Just before the virus drifted into the world, a friend I’d recently met texted that she was nervous. Her washing machine had broken at the worst time, just before a trip.
I have to go to the laundromat! she wrote; I could picture the shudder as she added the scream emoji. I understood. Laundromats can be dingy, sometimes dangerous, places. Even the nicer ones offer little appeal. For many people, going to a storefront to wash your clothes is like going to the thrift store to buy kitchenware.
My friend was also unsure of etiquette. In a place of such weird intimacy, do you avert your eyes from someone’s laid out socks and pajamas? She didn’t want people knowing the color of her sheets and towels. In some ways, doing your laundry at home was social distancing before it ever became a thing.
Her candor told me she wasn’t aware that I don’t have a washer or dryer myself. It’s been ten years in fact, since just after my divorce, that I’ve had the convenience of doing a wash right in my home—of doing a light load just because I wanted to wear a certain outfit, or because my son spilled juice on his favorite blanket. But my home is so small, and the expense never seemed justified.
When people do find out, they react with surprise, then veiled pity. Lacking these appliances seems just steps away from homelessness. The washer/dryer is a tangible symbol, like the man in the tattered coat riding a bike because he doesn’t have a car. To haul your dirty clothes, your rumpled used bedding, through the parking lot is to admit you’re a have-not.
When the stay-at-home orders hit the news and our lives, I was worried not just about food and hoarders and falling enrollment in my writing classes. As a single mom of a teenage boy, I need to wash clothes once a week—at least. So while my Facebook friends were figuring out how to get food delivered, I was researching where to wash our clothes.
It turns out that even during a quarantine, laundromats are “essential,” at least for some people. So even though it’s a risk, I can still go to Mr. Bubbles, a mile from my house, next to a tiny carniceria where Latino construction workers eat lunch while watching Spanish soccer on the mounted TV, and where I often order a burrito to-go. The other establishment is Woodrow’s Tavern, whose drifting cigarette smoke I can smell forty feet away. Of course it’s closed now.
At Mr. Bubbles, most of the patrons during the pandemic are still female, towing small kids and bundles of colorful clothes. I’m the rare white woman, though plenty of old white men frequent the place. Some are truckers, stopping off on the road; others are just alone. Sometimes there’s a couple, and their easy rhythm of folding together reveals they’ve done this for years, if not decades.
I do see people who are homeless sometimes, but more often it’s simply people who live lives of scarcity. They come in battered cars and pick-up trucks and campers that could use a wash, too. Even the laundromat has its class distinctions—you can tell by the laundry sacks and baskets, if they’re new and matching, or if the loads are dragged in, heaped and bulging, in dusty and torn garbage bags.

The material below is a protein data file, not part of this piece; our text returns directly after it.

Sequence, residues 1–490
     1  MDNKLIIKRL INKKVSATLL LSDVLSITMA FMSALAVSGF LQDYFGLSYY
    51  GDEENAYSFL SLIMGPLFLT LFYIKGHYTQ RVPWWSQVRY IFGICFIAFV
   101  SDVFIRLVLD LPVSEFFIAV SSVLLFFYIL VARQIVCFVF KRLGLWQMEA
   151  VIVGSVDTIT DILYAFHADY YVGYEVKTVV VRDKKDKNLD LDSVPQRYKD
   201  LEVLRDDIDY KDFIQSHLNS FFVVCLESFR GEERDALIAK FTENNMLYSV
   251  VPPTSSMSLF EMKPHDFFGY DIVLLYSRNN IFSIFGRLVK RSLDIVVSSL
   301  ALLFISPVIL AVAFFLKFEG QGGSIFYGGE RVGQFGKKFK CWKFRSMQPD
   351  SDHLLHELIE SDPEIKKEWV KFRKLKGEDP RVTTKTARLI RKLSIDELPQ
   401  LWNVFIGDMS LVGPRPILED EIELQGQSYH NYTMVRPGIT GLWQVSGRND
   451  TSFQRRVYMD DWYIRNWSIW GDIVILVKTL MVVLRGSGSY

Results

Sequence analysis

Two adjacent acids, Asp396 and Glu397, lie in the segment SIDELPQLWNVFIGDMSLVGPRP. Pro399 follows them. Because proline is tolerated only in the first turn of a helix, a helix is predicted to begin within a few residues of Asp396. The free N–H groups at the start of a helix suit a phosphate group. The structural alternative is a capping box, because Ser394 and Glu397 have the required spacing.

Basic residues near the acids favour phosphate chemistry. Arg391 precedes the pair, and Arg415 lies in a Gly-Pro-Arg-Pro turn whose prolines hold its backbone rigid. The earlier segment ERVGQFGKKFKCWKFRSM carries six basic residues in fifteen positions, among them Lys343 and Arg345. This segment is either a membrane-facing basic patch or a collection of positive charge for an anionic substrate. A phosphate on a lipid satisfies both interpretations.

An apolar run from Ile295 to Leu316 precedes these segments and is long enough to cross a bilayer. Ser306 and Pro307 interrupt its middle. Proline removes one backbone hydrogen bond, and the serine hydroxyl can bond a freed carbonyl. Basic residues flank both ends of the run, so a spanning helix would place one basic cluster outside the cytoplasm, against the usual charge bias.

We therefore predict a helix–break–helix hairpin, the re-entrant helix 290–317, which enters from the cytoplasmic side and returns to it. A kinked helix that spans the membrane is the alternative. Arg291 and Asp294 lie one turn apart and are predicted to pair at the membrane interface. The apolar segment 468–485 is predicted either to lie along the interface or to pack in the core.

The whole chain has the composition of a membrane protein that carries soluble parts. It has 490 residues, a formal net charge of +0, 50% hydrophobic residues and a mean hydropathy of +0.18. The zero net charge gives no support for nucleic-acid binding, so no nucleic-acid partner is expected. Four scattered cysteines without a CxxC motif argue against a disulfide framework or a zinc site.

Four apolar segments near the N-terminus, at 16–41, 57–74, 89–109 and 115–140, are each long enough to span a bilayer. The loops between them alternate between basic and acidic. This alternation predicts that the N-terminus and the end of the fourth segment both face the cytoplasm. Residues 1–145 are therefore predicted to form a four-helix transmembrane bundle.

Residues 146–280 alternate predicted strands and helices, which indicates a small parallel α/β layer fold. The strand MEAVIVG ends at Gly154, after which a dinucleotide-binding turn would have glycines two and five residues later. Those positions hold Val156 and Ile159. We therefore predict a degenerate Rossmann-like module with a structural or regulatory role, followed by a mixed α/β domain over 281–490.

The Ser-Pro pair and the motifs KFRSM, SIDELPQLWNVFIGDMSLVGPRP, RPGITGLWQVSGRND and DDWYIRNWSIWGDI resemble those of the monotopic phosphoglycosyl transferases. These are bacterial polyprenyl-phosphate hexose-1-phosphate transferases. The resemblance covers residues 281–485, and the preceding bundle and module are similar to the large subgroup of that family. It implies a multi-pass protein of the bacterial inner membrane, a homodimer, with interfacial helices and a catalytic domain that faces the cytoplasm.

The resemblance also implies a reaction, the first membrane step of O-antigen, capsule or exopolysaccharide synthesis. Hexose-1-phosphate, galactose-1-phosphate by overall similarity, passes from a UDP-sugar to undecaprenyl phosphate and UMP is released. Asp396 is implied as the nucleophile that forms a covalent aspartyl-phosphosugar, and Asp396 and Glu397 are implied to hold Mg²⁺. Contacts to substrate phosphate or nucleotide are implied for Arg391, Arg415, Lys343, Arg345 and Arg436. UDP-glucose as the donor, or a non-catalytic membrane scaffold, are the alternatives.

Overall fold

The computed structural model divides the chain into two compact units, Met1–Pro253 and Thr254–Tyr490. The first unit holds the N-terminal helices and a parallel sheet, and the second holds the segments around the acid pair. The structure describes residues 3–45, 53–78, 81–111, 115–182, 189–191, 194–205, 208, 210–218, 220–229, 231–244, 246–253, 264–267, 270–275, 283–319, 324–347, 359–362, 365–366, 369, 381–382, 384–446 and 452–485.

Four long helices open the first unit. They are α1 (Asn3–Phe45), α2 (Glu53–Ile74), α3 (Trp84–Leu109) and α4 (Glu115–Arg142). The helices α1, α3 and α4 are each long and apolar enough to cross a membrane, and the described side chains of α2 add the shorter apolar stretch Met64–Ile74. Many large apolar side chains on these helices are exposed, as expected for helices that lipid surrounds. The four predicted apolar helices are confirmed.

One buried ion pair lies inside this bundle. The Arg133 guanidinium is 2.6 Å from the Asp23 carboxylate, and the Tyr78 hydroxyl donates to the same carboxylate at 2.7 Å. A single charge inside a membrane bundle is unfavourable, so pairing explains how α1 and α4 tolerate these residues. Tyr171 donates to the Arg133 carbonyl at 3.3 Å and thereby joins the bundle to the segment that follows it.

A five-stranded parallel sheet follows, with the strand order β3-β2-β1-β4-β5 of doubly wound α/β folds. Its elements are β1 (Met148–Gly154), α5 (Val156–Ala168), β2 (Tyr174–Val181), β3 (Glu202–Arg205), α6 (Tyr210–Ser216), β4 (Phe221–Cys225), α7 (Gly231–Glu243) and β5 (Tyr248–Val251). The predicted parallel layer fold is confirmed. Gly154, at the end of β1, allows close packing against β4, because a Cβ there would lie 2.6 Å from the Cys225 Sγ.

There’s a different tension now when I go. People are wary, keeping the distance we’ve been instructed to observe. I watch the women with their children and remember my own single mother standing in front of a pile of tangled clothes while I ran around with the other kids; we’d beg for snacks from the vending machine, for the arcade game that usually was broken, swallowing precious money. These mothers and I exchange amused glances, a sigh and a shrug as a child dashes past, buzzed out and bored.
I can’t help but wonder how many of these people have lost their jobs. We’re a hospitality state here in Nevada, after all. And how many won’t get stimulus checks for whatever reason—a choked system, fear of the government? Where does that old couple go after their clothes are done? It may be that they live in that camper in the parking lot, the one with the little yapping dog.
The last time I did my laundry, people were more quiet than usual, and so the sound of hardship seemed louder: plinka clinka clink. Sixteen times for a $4 wash. Eight minutes of drying time for a quarter (never enough). With some people, you can almost see the pain it costs, coin by vanishing coin.
“We’re all in this together, you know,” I told my son the other day. “Rich and poor.” He will remember it all—how when he was little he liked to exchange the five-dollar bill for the quarters, to push those coins into the machines. In middle school he helped me haul in our baskets. These are the kinds of lessons that are breathed in, that can’t be learned through movies and books, or by a drive through the poor side of the tracks, to see how others live. We often leave his outgrown clothes in a pile, with a note “free” taped on top, and sometimes, before our last load is dry, the offering is gone.
Maybe people suppose I feel deprivation because I have to leave the house to wash our clothes—and that the poverty it suggests taints me. And it’s true, during this time of uncertainty, I do sometimes wish I could stay safely inside and listen to the comforting hum of the dryer in the other room. Ultimately, though, I feel the opposite: going to the laundromat makes me see how much we do have. And that helps, now that the edge feels closer.
Now and then, as I drive home to my warm, humble home, gratitude fills me with such swift force I can’t breathe. How lucky, I tell myself and my son: how lucky we are to be alive.
Image: “speed queens family” by Celine Nadeau, licensed under CC 2.0.